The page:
Tuesday, July 22, 2014

Education, or competition?

(Inspired by this and this)

At the height of Bart Simpson mania in 1990, when I was in fifth grade, I had a green Bart cap adorned with a button that read, "Underachiever — and proud of it." It was a joke, but it turned out to be true in my academic life. Sort of. And, as it turns out, I am proud of that. Sort of.

One of America’s biggest problems, I think, is that we view education (among many other essentials) as competitive rather than as something to benefit everyone. We care more about how highly ranked someone is than about everyone doing reasonably well.

This mentality is a big part of what compels parents to send their children to private and/or elite schools — so the children can get a leg up against all the other children, so they can eventually get into an elite college ahead of all the other students and eventually land that coveted career position ahead of all the other applicants.

Whether this is the cause or effect of a broken public-education system is up for debate. Either way, it’s a self-perpetuating cycle. When a parent looks out for No. 1, they’re less concerned about the system as a whole, if not outright scornful of it. How is the system supposed to improve amid such disinterest and disdain?

That cycle is one of the many hazards of applying capitalistic principles to the common good. It’s not about ensuring every child in America has a quality education; it’s about who can claw hardest to the top of the class. Those who make said clawing a priority give themselves permission to not care about those stuck on the bottom; after all, why don’t they just claw up themselves? Fie on them if they don’t play the game!

Even as a kid, I didn’t care for overachieving. I decided at an early age that I would involve myself only in that which I really wanted to do. Perhaps to a fault; one of my teachers’ most frequent complaints was that I wasn’t trying hard enough in classes outside my areas of interest. After an impressive straight-A and honor roll run in elementary school (where I was in gifted classes from second grade on), I transferred to another school in 4th grade and made honor roll the first six weeks. After that, I never made honor roll again until the first six weeks of 9th grade, and not again until the final six weeks of 12th grade. (Math was usually the culprit.) I was no stranger to Fs on my report card during this time, though those tended to be tied either to insanely hard gifted classes and/or classes where bullying was rampant. But ultimately, I did what I had to do and never failed a class (though I did repeat Algebra I for credit purposes).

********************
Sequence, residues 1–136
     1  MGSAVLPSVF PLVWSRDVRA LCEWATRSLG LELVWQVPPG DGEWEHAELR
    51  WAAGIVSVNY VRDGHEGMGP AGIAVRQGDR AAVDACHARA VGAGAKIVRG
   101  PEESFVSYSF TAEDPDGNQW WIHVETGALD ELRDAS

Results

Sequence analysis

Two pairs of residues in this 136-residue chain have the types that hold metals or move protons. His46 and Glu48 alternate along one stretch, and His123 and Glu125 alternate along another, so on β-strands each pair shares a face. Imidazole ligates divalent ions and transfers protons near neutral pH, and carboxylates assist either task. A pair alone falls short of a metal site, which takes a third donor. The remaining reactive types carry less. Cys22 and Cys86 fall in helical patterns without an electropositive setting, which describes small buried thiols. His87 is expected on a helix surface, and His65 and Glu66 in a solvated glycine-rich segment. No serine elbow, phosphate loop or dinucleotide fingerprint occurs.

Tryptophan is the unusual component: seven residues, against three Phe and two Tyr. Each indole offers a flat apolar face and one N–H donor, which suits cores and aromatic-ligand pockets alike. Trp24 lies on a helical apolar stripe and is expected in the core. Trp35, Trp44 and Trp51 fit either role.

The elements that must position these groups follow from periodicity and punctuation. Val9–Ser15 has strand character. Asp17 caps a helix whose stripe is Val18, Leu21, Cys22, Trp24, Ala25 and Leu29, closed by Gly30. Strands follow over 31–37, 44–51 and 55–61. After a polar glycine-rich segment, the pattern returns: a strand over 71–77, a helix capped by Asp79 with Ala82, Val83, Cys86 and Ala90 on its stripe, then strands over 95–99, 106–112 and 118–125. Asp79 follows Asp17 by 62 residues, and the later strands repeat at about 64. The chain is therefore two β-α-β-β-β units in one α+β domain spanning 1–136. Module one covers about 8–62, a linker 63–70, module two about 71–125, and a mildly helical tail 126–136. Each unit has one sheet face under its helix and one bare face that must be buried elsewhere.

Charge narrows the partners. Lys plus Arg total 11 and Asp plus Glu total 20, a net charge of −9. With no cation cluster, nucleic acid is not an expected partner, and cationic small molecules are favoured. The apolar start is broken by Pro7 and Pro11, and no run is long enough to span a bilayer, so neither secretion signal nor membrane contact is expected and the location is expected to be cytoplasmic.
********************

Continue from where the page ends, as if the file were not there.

Extracurriculars were a similar story; I did what I felt like doing and nothing more. In middle and high school, I wrote for the school newspaper in years I was eligible and ran track. In high school, I was also involved in football as a manager and as a player. I dabbled in many one-shot activities as well. I knew, and was sometimes told, that it was better to join lots of clubs, which many classmates did. But it wasn’t my style.

Eventually, I graduated 188th in my class of 421 (according to my report card), making honor roll only twice, as noted above. Most of my teachers still remember me fondly and most casual observers of the time would tell you I was pretty smart. But to paraphrase Richard Masur in Risky Business, I wasn’t Princeton material. On paper, anyway.

Part of my mentality was shaped by the fact that I lived just a few blocks from the second-largest university in Louisiana, which at the time had open admissions (not that I needed that). I planned to attend there and continue helping out at home. Second, I didn’t let my academic transcript validate me; I wanted to do as well as possible, but I knew who I was and what I was capable of doing. Third, many of my classmates were absolute grade-grinds — usually the ones from well-to-do families — and they seemed miserable most of the time. Who needed that?

For me, college wasn’t much different; my grades got better, mostly because they had to. I made the dean’s list multiple times and graduated twice, albeit with no honors (as if that mattered after the walk).

I might not have enjoyed the elite status that comes with good grades, mega-involvement, an Ivy League pedigree and deep pockets, but I never aspired to that. I got a damn good education, and know that life is sometimes a grind and a climb. To this day, I devote myself to a handful of enriching activities, not stretching myself too thin. I have friends who did attend Ivy League schools and genuinely made the most of it. I’m proud of them, but not jealous. Because, like them, I pursued what I wanted. There was no legacy guarantee for them, so they had to earn it as much as I earned my way. I put them — and myself — in higher regard than those who coast through the system for a name on a piece of paper.

If we made higher education better for everyone, then pedigree would matter less, and the prestige-seekers of the world would have to find somewhere else to be superficial. Which, given a genuine, earned education, they’d be smart enough to do (or, perhaps, smart enough to realize how shallow that is).

Anyway, having a degree doesn’t make you better than someone without one. Some, if not most, of the most hardworking people I know didn’t finish college. They’re smart and bust their asses every day. They deserve a fair shake too. Just like with college kids, it’s the work and the heart, not the letters, that should matter most.

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